In this case I accepted the dogleg at the departure end, via PPG, to get a view different from the outbound route. On the actual return flight this was not flown, due to Spanish ATC not playing ball. At the UK end, the problem is caused by one-way airways, which ATC ignores anyway, so one can usually get a DCT from LGL to Shoreham.

Flight plan filing was done electronically, at zero cost, using EuroFPL for both legs. Today there are several ways of doing this but I continue to use EuroFPL because it is a data-efficient website which is usable over a slow GPRS/3G connection, works on my Nokia 700 phone, has a flight tracking facility which enables someone on the ground to monitor your progress, and (in the paid-for version) offers SMS facilities for delaying or cancelling the flight plan. I retain the free AFPEx site (available only to pilots with a UK address) as a backup system. More notes on electronic flight plan filing options are here.

Note: the Eurocontrol routings given here and elsewhere will most likely not work by the time you might try them because the precise form needed to get the route into the Eurocontrol (IFPS) computer in Brussels changes from one week to the next, and there are frequent differences between weekdays and weekends which are largely due to a lack of military activity on weekends.

Notams showed nothing of significance. On IFR flights I usually get airport notams only, because enroute issues are dealt with by ATC, and the route actually flown varies anyway. Airport notams are important because many "southern Europe" airports use the notam system to publish information which they know is incorrect in the AIP.


Fuel Planning

Fuel was not an issue on this flight, involving around 60% of the aircraft zero-fuel range. No conceivable wind could have caused problems, and there are many alternates.



In IFR, oxygen is as vital a flight planning issue as fuel. This flight was filed for FL140 and oxygen is practically and legally mandatory. Anyway, I never fly anywhere IFR without oxygen because doing so nearly halves the aircraft operating ceiling and discards by far the most attractive weather avoidance option: climbing to VMC on top. I also use oxygen anytime at/above FL100; the flow rate at FL100 is very low but it keeps you fresh and you don't arrive tired.

I now fly with the Mountain High O2D2 electronic demand regulator which works superbly. Over this trip, the pressure gauge on the 48 cu. ft. composite cylinder hardly moved...


The Flight

The Shoreham (Class G) departure clearance was: After departure left turn to SFD, remain outside controlled airspace, squawk 2254, contact London Control 133.175.

The initial base of controlled airspace in the area is 5500ft so one sets 5400ft as the target level on the autopilot...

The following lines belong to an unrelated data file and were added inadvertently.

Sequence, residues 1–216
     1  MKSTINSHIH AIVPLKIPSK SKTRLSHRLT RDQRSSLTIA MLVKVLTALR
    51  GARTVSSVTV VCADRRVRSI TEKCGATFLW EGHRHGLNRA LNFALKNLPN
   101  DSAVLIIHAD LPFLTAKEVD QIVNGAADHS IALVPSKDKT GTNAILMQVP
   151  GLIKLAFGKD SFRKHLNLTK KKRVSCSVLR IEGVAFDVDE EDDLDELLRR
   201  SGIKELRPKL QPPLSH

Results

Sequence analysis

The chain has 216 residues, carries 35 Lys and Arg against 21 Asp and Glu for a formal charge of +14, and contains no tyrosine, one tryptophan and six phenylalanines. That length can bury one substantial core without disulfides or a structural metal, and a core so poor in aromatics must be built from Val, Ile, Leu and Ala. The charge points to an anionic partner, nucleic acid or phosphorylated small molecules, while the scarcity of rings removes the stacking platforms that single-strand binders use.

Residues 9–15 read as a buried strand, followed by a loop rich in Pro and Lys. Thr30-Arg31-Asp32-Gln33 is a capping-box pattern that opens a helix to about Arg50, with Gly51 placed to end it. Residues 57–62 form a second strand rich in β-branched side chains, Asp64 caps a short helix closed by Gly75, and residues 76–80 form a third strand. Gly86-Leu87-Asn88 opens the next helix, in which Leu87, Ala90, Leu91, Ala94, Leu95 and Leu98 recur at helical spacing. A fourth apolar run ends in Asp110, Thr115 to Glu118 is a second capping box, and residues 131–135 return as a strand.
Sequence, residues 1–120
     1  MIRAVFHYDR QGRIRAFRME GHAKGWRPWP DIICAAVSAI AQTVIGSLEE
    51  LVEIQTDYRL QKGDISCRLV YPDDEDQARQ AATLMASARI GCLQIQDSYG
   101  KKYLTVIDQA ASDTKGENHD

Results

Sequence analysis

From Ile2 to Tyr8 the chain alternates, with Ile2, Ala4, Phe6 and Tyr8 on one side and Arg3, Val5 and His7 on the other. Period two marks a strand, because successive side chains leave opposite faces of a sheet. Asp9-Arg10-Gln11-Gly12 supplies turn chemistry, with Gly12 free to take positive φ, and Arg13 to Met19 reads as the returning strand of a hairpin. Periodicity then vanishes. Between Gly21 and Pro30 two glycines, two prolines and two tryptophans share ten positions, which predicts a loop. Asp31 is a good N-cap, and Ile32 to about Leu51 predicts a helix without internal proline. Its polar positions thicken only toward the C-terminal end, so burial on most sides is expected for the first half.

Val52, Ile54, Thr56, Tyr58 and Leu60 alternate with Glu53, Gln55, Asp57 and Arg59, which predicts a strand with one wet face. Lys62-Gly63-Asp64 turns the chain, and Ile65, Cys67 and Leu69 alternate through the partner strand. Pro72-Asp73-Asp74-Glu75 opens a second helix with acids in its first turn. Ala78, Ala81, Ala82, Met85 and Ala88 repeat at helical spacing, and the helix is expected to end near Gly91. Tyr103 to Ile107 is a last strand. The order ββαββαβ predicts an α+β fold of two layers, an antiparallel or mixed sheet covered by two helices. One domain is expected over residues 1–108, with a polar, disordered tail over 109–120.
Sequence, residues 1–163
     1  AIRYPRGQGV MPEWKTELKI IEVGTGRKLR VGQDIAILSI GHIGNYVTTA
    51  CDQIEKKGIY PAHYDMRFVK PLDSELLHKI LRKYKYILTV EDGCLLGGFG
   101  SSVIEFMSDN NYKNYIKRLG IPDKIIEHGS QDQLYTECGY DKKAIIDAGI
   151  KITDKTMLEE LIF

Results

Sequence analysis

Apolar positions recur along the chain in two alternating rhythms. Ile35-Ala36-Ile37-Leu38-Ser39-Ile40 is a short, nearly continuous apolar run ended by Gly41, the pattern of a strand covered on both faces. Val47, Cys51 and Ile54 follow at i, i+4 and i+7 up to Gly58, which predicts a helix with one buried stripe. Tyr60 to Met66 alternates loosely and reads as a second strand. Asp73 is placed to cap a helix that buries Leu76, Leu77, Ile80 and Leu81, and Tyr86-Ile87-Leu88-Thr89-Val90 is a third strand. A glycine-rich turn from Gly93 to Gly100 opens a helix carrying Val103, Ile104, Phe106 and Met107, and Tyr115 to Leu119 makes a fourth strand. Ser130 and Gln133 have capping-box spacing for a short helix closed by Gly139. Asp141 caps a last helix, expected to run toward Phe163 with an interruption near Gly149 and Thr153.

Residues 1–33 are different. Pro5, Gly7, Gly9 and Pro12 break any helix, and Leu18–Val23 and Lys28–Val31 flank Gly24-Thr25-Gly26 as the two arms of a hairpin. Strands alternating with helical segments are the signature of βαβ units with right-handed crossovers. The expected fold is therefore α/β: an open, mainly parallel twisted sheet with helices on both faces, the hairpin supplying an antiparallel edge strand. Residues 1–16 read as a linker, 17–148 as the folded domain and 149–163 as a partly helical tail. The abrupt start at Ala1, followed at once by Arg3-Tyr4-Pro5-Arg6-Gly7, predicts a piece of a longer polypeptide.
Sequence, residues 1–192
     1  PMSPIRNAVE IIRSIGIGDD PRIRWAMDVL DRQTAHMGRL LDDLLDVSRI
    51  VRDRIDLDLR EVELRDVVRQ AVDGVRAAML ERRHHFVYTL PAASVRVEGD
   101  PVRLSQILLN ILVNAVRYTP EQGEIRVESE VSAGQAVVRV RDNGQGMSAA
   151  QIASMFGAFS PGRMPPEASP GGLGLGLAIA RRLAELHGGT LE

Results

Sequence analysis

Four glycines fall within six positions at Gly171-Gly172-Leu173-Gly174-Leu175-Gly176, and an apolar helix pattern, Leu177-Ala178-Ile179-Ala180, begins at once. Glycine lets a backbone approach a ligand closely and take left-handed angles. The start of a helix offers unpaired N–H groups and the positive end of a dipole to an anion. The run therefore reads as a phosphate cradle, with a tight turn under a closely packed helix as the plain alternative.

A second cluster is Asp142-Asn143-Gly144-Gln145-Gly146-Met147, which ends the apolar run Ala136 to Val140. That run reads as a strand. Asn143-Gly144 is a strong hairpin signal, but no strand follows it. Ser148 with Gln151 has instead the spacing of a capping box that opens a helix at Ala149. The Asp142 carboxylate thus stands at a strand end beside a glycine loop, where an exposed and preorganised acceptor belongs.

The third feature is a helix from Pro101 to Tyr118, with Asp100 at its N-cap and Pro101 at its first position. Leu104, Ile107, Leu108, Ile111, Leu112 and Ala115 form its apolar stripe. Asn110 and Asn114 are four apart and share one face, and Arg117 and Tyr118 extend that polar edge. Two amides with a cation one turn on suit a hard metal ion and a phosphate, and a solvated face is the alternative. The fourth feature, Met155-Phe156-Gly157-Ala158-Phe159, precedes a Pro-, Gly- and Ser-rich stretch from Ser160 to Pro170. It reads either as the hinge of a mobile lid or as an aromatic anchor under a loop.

On first contact, London Control asked for the customary squawk ident and then issued a clearance to enter controlled airspace, with a climb to 6000ft on track to SITET, then FL080 to ETRAT. Then I was transferred to Paris Control who gave me a climb to the FL140 filed level. This was followed by a 130nm DCT to KOVAK.

The conditions were CAVOK but - as usual in the summer - very hazy as shown in this unretouched pic of N France (I apologise for the window reflections)

The Mountain High O2D2 electronic demand regulator was working superbly, as before, delivering 93% blood oxygen without any effort

Early on in the flight at FL140, the landing fuel on board (LFOB) was showing 43 USG which turned out to be a pretty accurate estimate

The air was very warm; +1C at FL140 which is ISA+14. The actual altitude, from the GPS, at FL140 was 14870ft, which as a percentage increase roughly corresponds to ISA+14 being a 5% increase in the absolute temperature. The correspondence is not perfect because the increment over ISA is not going to be uniform all the way up to FL140.

Northern France doesn't offer many photo opportunities; this interesting lake was one of the better ones

Another long DCT was a 147nm one to PUMAL. The whole French section was very quiet. There really is very little traffic in the lower airways (below FL200) everywhere in Europe.

As the Pyrenees appeared in the distance, about 80nm away

some turbulence started to build up, which was not suprising as the tailwind had gradually increased to about 30kt. To minimise whatever might be coming I asked for a climb to FL170. The temperature at FL170 was -2C which is ISA+17 which was one of the warmest high altitude conditions I had ever seen. This visibly impacts aircraft climb and operating ceiling performance; FL180 would have been achievable but not a lot more than that.

However, for whatever reason, virtually no turbulence was encountered over the Pyrenees, which was as per previous flights in that region, and remains a bit of a mystery. We were about 7000ft above the terrain (which looks awfully closer ) however...

Following a handover to Barcelona ATC, I saw some cloud buildups in the distance, immediately on the south side of the Pyrenees, with tops estimated around FL140